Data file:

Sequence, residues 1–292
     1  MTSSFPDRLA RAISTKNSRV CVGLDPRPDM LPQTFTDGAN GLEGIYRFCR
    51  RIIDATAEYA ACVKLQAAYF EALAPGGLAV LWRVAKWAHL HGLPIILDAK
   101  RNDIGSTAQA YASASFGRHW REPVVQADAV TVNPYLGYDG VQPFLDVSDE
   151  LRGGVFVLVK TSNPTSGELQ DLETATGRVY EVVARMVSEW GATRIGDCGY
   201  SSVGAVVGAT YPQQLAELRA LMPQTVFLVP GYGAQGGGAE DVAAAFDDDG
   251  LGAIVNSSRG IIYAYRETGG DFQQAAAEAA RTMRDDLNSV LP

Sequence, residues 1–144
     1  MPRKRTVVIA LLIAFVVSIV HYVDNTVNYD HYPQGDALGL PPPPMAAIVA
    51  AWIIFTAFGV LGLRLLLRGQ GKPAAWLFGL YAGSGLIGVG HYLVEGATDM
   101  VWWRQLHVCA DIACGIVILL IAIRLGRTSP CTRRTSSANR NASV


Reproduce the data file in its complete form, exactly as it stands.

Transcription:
Sequence, residues 1–292
     1  MTSSFPDRLA RAISTKNSRV CVGLDPRPDM LPQTFTDGAN GLEGIYRFCR
    51  RIIDATAEYA ACVKLQAAYF EALAPGGLAV LWRVAKWAHL HGLPIILDAK
   101  RNDIGSTAQA YASASFGRHW REPVVQADAV TVNPYLGYDG VQPFLDVSDE
   151  LRGGVFVLVK TSNPTSGELQ DLETATGRVY EVVARMVSEW GATRIGDCGY
   201  SSVGAVVGAT YPQQLAELRA LMPQTVFLVP GYGAQGGGAE DVAAAFDDDG
   251  LGAIVNSSRG IIYAYRETGG DFQQAAAEAA RTMRDDLNSV LP

Sequence, residues 1–144
     1  MPRKRTVVIA LLIAFVVSIV HYVDNTVNYD HYPQGDALGL PPPPMAAIVA
    51  AWIIFTAFGV LGLRLLLRGQ GKPAAWLFGL YAGSGLIGVG HYLVEGATDM
   101  VWWRQLHVCA DIACGIVILL IAIRLGRTSP CTRRTSSANR NASV